As part of our regular installment of the best of opinion from around the web, we read everything, and this week, we’ve been reading a lot of reaction to ‘Sex and the City’ star Cynthia Nixon’s comments on her view that she’s chosen to be gay.
“But again, that doesn’t mean that women find the idea of sex with other women repugnant, but then suddenly say ‘hey, maybe it would help my career if I dated another chick,’ so they ‘choose’ to find other women really hot sexually, and voila!, they now DO find other women really hot sexually. It doesn’t work that way. In the same way you don’t choose to prefer blondes over brunettes, or even choose what kind of sex you enjoy once in you’re in the sack. It’s the way you’re wired, it’s not a choice.” – John Aravosis in AmericaBlog gay.
“I am not “fluid” in my sexuality, and neither are most of my lesbian friends. But I do know some women and men who identify as gay or lesbian who have changed back and forth in their identity, and sometimes identify as bisexual. Why should it matter what we call ourselves? If the haters don’t give a hoot about why or how we got this way, we should never try to limit who gets to fit into our community.” – Tracy Baim in the Huffington Post.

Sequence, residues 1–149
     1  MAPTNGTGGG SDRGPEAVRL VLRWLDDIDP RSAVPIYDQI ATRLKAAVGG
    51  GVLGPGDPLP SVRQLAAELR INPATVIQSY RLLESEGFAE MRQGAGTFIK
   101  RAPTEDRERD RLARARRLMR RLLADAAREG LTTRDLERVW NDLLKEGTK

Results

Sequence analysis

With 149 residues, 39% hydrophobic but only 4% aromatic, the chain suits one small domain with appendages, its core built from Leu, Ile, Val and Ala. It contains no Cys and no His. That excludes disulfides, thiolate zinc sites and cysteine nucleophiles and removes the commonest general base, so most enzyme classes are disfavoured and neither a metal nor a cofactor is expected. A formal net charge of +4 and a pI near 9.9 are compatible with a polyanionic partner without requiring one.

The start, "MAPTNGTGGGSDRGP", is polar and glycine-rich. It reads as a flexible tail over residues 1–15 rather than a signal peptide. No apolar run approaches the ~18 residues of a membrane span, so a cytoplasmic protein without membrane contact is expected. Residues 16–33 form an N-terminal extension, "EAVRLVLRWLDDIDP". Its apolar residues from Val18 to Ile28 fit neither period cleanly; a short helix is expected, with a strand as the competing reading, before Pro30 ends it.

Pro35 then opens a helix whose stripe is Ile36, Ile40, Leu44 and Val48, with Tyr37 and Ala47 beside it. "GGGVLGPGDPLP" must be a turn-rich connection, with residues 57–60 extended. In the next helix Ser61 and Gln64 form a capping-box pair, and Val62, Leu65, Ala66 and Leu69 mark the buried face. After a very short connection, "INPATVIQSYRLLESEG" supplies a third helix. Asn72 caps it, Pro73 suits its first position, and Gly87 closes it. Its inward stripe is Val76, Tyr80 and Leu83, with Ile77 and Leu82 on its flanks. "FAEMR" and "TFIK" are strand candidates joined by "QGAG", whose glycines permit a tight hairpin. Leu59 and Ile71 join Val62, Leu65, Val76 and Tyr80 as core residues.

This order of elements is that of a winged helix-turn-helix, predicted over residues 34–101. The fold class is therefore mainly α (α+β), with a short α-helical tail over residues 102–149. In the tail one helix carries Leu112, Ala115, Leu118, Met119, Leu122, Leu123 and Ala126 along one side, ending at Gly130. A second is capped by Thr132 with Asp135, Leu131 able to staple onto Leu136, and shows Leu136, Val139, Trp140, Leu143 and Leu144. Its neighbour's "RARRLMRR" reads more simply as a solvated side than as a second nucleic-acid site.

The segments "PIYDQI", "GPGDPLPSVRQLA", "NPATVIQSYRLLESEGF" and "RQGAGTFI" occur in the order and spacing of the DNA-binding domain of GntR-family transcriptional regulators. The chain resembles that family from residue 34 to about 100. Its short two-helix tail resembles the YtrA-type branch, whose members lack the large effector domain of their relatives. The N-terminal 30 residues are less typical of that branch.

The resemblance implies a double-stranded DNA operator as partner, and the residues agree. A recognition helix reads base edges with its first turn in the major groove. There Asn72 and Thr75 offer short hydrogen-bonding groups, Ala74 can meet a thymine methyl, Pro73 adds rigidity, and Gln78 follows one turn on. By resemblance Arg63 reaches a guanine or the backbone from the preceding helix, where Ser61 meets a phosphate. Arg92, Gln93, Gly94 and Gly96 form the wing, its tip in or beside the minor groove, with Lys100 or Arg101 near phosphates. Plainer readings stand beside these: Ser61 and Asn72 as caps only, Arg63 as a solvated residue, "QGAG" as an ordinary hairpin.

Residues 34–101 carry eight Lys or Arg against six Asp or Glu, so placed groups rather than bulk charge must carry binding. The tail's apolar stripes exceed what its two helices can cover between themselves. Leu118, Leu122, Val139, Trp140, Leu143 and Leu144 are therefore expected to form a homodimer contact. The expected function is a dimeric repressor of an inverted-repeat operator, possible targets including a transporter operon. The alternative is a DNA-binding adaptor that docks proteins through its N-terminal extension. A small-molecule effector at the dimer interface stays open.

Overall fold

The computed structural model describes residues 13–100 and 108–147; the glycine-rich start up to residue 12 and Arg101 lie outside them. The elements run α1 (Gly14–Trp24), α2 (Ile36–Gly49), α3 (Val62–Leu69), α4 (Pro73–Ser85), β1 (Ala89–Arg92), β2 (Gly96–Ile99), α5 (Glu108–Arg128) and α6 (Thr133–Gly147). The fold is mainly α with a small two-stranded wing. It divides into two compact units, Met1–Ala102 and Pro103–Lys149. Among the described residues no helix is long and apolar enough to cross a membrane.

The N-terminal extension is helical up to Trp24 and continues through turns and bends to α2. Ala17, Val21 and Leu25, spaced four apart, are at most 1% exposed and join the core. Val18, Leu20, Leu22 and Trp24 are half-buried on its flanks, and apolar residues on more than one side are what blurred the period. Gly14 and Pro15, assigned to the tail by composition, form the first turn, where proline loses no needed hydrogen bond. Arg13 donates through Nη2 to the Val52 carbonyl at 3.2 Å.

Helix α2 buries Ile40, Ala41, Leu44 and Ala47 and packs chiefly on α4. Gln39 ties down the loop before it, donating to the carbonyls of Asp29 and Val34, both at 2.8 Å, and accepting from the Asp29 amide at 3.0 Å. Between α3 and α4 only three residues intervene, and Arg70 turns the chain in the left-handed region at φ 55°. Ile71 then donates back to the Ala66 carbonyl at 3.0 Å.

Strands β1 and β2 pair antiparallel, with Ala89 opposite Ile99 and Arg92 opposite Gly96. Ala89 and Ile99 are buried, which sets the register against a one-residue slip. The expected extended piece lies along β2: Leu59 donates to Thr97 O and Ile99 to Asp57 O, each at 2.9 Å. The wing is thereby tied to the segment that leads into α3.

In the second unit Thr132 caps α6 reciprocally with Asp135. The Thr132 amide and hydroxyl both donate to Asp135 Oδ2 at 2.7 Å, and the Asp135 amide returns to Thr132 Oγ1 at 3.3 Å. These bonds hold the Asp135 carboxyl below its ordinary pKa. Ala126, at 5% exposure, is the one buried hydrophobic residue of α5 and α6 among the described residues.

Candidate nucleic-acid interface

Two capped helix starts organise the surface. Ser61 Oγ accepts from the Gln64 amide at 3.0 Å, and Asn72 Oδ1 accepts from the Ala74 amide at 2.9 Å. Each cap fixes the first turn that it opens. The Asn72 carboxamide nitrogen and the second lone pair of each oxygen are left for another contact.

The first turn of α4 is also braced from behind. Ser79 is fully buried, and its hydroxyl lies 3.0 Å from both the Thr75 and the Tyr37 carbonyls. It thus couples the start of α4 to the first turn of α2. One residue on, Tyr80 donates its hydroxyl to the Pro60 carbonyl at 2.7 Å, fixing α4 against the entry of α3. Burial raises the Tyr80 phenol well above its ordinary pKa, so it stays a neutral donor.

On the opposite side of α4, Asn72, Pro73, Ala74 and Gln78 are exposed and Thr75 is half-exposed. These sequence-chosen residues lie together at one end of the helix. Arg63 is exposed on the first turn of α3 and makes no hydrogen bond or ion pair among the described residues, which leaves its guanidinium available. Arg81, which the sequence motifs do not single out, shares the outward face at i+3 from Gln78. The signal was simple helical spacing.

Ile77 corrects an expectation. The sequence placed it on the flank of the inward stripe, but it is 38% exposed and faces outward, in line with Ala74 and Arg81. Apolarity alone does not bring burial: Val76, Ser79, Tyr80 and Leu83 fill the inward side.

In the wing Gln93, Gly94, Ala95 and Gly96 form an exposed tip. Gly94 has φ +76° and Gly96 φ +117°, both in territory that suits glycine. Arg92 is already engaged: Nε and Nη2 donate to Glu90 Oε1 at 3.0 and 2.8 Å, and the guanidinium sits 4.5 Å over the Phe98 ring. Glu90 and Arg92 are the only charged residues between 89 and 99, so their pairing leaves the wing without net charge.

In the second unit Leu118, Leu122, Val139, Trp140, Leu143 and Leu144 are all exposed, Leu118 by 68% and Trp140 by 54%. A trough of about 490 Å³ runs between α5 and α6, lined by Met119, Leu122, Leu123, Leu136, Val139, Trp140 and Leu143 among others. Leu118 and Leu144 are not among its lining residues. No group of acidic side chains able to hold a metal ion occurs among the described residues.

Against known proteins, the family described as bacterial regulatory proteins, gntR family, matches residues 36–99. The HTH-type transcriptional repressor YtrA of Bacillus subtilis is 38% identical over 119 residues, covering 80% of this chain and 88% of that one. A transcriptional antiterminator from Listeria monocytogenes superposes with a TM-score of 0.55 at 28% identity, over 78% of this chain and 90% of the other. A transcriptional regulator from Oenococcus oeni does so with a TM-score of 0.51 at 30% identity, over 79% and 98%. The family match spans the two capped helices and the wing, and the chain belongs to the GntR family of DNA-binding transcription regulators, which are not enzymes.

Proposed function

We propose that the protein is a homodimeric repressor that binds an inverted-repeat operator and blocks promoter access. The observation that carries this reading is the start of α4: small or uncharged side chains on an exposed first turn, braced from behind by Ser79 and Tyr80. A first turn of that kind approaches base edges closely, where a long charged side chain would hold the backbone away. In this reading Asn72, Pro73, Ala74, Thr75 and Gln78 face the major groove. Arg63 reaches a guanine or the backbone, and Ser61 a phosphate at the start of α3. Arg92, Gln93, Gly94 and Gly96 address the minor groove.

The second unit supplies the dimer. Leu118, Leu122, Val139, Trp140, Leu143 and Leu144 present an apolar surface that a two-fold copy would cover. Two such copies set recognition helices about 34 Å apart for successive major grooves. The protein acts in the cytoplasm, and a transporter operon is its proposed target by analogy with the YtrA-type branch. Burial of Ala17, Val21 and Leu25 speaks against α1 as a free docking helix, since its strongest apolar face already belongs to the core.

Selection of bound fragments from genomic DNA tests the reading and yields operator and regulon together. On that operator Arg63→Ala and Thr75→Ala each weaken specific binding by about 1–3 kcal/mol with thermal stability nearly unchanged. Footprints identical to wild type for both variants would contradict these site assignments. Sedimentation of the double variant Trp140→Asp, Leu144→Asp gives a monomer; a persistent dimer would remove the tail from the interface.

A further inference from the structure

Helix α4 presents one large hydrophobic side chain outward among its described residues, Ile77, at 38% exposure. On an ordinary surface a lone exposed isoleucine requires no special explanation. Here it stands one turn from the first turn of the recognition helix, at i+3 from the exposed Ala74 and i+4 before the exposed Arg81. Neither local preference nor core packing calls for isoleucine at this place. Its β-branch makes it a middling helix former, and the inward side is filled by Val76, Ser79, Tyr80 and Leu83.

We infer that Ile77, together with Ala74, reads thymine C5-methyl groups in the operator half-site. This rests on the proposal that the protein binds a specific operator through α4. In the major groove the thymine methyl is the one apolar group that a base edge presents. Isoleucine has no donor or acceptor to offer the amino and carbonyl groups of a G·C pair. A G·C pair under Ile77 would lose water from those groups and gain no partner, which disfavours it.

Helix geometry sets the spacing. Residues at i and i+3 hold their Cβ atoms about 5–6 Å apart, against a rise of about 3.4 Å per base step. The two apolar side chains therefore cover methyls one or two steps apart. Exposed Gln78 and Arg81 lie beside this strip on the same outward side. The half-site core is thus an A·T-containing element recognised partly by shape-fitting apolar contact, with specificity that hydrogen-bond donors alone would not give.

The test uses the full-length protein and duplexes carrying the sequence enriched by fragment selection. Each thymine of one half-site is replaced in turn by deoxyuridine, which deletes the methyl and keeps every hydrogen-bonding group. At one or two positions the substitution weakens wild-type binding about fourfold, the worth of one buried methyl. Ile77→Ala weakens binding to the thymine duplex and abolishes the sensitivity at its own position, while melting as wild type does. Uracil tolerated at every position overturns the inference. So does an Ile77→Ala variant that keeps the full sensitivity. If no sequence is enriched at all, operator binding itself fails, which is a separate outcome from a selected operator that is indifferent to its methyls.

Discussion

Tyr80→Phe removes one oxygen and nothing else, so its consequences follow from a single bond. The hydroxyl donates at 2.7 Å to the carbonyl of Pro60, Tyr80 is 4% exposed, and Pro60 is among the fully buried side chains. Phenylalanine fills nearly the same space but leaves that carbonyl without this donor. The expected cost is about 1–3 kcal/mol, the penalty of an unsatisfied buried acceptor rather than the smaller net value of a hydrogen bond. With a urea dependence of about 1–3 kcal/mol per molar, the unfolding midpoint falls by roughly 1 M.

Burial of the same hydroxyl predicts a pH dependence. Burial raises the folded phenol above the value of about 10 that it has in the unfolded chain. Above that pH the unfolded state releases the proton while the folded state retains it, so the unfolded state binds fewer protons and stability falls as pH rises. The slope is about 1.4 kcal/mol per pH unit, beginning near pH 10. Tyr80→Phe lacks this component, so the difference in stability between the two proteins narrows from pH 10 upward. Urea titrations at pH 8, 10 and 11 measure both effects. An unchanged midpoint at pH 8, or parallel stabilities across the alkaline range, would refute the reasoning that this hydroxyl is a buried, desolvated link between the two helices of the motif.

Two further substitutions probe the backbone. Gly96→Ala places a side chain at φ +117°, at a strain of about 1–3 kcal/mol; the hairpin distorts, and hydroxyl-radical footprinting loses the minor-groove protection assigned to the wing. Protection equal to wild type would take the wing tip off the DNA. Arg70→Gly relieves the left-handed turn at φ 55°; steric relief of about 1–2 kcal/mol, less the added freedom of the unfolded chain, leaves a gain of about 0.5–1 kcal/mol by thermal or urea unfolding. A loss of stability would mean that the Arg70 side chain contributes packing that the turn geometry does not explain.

“I honestly have no idea if I was born this way. My memory doesn’t stretch to the crib. But I know that from the moment I felt romantic stirrings, it was Timmy, not Tammy, who could have me walking on air or wallowing in torch songs and tubs of ice cream. These feelings gelled early, and my considerable fear of society’s censure was no match for them.” – Frank Bruni in the New York Times.
Whether you think you were born this way or not, there are lots of strong opinions out there on what Nixon said, and she’s certainly courted a different spotlight than ever before.
Meanwhile there were other things going on this week as well!
“‘We were behind about 2-1 in the polls.’ Hannaford, who was gay but not out then—this is 1978—said, ‘He’s not going to come out against it. The best we can hope for is that he’ll stay neutral.’ This is after Reagan had run in 1976 and narrowly lost to Ford and was gearing up to run in 1980. Well, after the meeting, Reagan told these guys, ‘I’m going to come out against it,’ and he did. He wrote an op-ed and the polls flipped.’” – Karen Ocamb “Why Fred Karger Isn’t Just Tilting at Windmills” in Frontiers Magazine.
“‘he fact of the matter is, I think people would have been happy to have a referendum on civil rights rather than fighting and dying in the streets in the South,’ the Republican governor said on January 24. History disagrees.” – Duncan Osborne “Christie Doesn’t Like Ike” in Gay City News.
“Why would he say that? Why was I less than satisfied with the speech? Because Indiana was completely left out of the picture. According to that speech, Hoosiers just don’t exist. While other state’s marriage amendment battles were highlighted, Indiana’s was left out.” – Bil Browning “The State of the Movement (But Not All the States)” at the Bilerico Project.
“The idea that in 2012 we will be voting on the civil rights of any group at the ballot box is astonishing because of its blindness to our state’s history of discrimination — and the fight to beat it back.” – Pam Spaulding “My letter to the editor: intersection – the NC marriage discrimination amendment and social justice” at Pam’s House Blend.